The cat is out of the bag. Felines and canines are not only cute and cuddly companions, but they are also proven to improve the mental health, as well as decrease doctor visits, for seniors. While man has always cherished having a furry friend around, researchers are now specifying that it is never too late to pick up a pet, and for first time dog or cat owners, it is better late than never.

Psychologists at Miami and Saint Louis University attempted to discover whether pet ownership could affect our social lives, as well as providing additional mental benefits. First, the doctors issued a questionnaire for 217 people who either owned a pet or did not, and instructed subjects to detail areas of their lifestyle, personality and attachment style. The researchers noted that pet owners responded with overall greater signs of happiness and were generally healthier than those without companions. A second experiment involved dog-owners who were an average age of 42, and analyzed more of the social aspects of raising a canine. The researchers again found that owning a dog can help boost self-esteem, sensations of belonging as well as a better feeling of self-existence.   

Dr. Allen R. McConnell, a professor at Miami University and co-author of the study, expressed his confidence that people who own a pet are more likely to be satisfied with their lives and well-being.

"We observed evidence that pet owners fared better, both in terms of well-being outcomes and individual differences, than non-owners on several dimensions," McConnell said in a statement. "Specifically, pet owners had greater self-esteem, were more physically fit, tended to be less lonely, were more conscientious, were more extroverted, tended to be less fearful and tended to be less preoccupied than non-owners."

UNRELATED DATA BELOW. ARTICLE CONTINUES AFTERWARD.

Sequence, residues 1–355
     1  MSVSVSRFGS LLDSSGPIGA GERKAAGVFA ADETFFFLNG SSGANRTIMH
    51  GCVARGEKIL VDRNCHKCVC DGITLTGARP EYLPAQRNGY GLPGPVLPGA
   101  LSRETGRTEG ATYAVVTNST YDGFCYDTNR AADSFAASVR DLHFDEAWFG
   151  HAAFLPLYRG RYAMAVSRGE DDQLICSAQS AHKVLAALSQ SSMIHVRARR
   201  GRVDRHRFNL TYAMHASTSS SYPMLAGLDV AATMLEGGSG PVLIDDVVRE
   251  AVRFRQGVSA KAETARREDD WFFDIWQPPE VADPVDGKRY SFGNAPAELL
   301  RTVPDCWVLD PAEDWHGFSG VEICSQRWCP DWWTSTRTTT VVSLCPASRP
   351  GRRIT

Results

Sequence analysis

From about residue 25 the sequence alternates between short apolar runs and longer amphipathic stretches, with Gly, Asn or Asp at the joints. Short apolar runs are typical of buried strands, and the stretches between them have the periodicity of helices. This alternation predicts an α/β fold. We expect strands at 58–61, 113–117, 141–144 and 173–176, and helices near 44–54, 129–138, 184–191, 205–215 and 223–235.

Further research has continued to indicate that perhaps the greatest benefit of owning a pet are the social advantages they can deliver, especially to those with diagnosed mental illnesses. In her study titled, "The Role of Pets in Enhancing Human Well-being: Effects for Older People," Dr. Lynette A. Hart, a professor at the University of California Davis, submitted seniors who had developed Alzheimer's to undergo weekly training sessions with Golden Retrievers, finding that patients improved in overall social interaction and showed increased states of calmness while being around the animals. Hart also found that dog companionship was crucial for some owners, with 75 percent of elderly males and 67 percent of females declaring that their dog was their primary or only friend.

Other benefits of owning a pet
Sure, cats and dogs are great for having a loyal companion and social icebreaker around, but there is even more to gain through owning a pet. Here are a few ways having a little buddy around can improve your quality of life and keep you motivated.

Getting in a routine
Waking up early in the morning to take the dog out or feed the cat is a terrific way to start the day, not just because your companion will thank you greatly, but it also provides a sense of purpose. Taking care of an animal can offer some structure to your life, which in turn can inspire you to take on other hobbies and activities you never thought you could tackle. Plus, walking the pet around the block is a great form of exercise.

Safety
The older we get, the harder it can be to protect ourselves. Dogs are extremely defensive of their owner and home, and can help alert you or neighbors close by if an intruder or accident is occurring. Even if your guard dog is a tiny Chihuahua, sometimes the bark is more effective than the bite.

Staying active
It is often hard to stay determined and find time to exercise properly. If you own a dog, it can force you to go outside, get some fresh air and burn off some calories by taking a stroll through the neighborhood. Even little things like getting up to feed or play with the cat can stimulate your body and keep you active. 

Seizing the day   
When you are a pet owner, your worries about the future tend to fade away, because caring for animal is a one-day-at-a-time process. If you are constantly stressed with the potential troubles of tomorrow, having a little friend around can not only ease your anxiety or tension but can remind you the joys of living in the now.